Spending more than half of the returns from investing Singapore’s reserves is a “slippery slope”, said Senior Minister of State for Law and Finance Indranee Rajah on Tuesday (Feb 20).
Speaking on the sidelines of a REACH dialogue on the Budget, Ms Indranee explained why the Government chose to raise the Goods and Services Tax (GST) instead of increasing its spending of the Net Investment Returns (NIR) to above 50 per cent.
Under the NIR framework, the Government can spend up to half of the expected long-term investment returns generated by the Monetary Authority of Singapore, Temasek Holdings and GIC.
Increasing the spending above 50 per cent means using up more money and putting less into the principal sum, Ms Indranee said.
“We think that 50 per cent is a fair figure. If you start going down the slippery slope then after a while you have to make your principal work a lot harder. And then you are also not assured that you will be able to get consistent returns all the time, you don't know what the investment market will be like.
“The better thing to do if you want to ensure consistency, stability and sustainability … is to continue to tap, but keep it at 50 per cent and then also introduce the increase in GST,” she said.
Elaborating in a Facebook post late on Tuesday night, Ms Indranee said the suggestion that the Government use more of the returns – say, 60 per cent instead of 50 per cent – "assumes various things".
The first is that an additional 10 per cent of the NIR will give the same amount as a 2 percentage point GST increase. The second is that returns generated by the reserves will remain the same.
"However, even with the NIR framework (which essentially smooths out volatility by taking a longer term expected return), long term investment returns can still vary or fall. We can never eliminate investment risk," she said.
Using more of the reserves also assumes that Singapore will never need to draw upon the principal amount of reserves – which is “not a wise assumption” given that it had to do so in 2009 during the global financial crisis, she added.
Ms Indranee said that the greater the percentage of NIR Singapore uses, “the more the risks are magnified”.
"We take 50 per cent to be fair and prudent - use half now and leave half for the future. We should continue this for as long as we can in order to both preserve and grow our inheritance," she said.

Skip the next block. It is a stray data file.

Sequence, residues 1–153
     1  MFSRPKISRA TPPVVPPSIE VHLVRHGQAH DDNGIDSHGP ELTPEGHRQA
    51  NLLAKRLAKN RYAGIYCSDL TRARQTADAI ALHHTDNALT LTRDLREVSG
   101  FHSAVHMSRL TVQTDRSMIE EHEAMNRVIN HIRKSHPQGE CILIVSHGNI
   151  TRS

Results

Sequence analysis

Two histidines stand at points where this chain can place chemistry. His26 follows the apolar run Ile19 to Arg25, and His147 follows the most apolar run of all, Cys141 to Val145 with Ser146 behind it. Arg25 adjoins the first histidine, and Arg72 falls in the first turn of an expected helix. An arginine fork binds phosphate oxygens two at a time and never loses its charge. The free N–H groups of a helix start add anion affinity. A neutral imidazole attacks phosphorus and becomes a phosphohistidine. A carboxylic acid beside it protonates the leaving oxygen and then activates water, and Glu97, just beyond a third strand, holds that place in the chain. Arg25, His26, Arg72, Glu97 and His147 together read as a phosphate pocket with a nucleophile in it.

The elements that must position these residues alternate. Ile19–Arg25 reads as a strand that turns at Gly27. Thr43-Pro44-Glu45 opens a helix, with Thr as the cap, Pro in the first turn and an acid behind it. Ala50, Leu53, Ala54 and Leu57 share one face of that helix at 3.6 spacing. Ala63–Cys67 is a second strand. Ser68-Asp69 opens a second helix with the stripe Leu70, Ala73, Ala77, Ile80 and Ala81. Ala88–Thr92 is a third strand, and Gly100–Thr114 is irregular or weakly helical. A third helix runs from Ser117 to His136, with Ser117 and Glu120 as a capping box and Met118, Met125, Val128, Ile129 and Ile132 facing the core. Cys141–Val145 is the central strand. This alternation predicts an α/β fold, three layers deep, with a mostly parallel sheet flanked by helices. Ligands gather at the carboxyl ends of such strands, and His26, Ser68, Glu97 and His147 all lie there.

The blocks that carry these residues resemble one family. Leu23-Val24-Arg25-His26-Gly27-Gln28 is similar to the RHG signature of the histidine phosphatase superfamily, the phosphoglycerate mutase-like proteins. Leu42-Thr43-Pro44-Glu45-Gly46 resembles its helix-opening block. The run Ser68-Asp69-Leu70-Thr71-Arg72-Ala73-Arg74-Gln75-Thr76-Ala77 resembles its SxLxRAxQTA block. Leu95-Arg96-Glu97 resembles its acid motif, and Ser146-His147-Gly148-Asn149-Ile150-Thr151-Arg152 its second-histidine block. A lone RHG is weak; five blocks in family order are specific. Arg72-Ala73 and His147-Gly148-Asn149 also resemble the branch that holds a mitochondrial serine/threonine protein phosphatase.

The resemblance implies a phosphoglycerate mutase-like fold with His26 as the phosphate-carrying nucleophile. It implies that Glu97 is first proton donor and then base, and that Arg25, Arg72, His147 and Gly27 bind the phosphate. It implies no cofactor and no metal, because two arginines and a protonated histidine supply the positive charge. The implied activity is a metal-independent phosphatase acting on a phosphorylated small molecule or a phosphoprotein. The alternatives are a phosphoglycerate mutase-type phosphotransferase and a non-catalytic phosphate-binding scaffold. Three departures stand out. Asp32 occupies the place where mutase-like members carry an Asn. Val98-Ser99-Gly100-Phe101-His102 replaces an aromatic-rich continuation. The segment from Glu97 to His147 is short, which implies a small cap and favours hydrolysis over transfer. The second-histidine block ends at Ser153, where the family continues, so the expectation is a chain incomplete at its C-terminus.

At the REACH dialogue, held at the National Museum and which Ms Indranee co-hosted with REACH chairman Sam Tan, she was also asked if the announcement of the GST hike - planned for between 2021 and 2025 - was a bit early.
She said this was to give Singaporeans more time to prepare, "so they can arrange for their finances".
"It was also so that people will know, looking forward, what the landscape will be like. We wanted to be upfront and transparent with the population," she added.
Ms Indranee said she hoped Singaporeans would understand that at the end of the day, when the GST goes up and the money is collected, the funds are still returned to Singaporeans – in the form of developments in healthcare, infrastructure, security and education. She also reassured Singaporeans that there are offset packages as well as enhancements to the GST voucher scheme to help them adjust to the changes.
Other topics discussed during the session included the need to increase the foreign domestic worker (FDW) levy from April 2019. Mr Tan, who is also Minister of State in the Prime Minister’s Office and for Manpower, pointed out that there are currently 240,000 FDWs in Singapore, with that number set to grow.
“Every month, the Manpower Ministry receives a few thousand applications for FDWs. We did a projection, if it's based on the current trend, before 2020 the number of FDWs may hit 300,000."
Beyond 2020, the figure may climb to 400,000 to 500,000, he said, adding that Singapore should not be overly reliant and dependent on FDWs.
Around 100 REACH contributors, youths, professionals, managers, executives and technicians (PMETs), as well as grassroots, union and business leaders attended the feedback session on Tuesday.
Mr Tan said that REACH will organise another 12 feedback events to reach out to different segments of Singaporeans.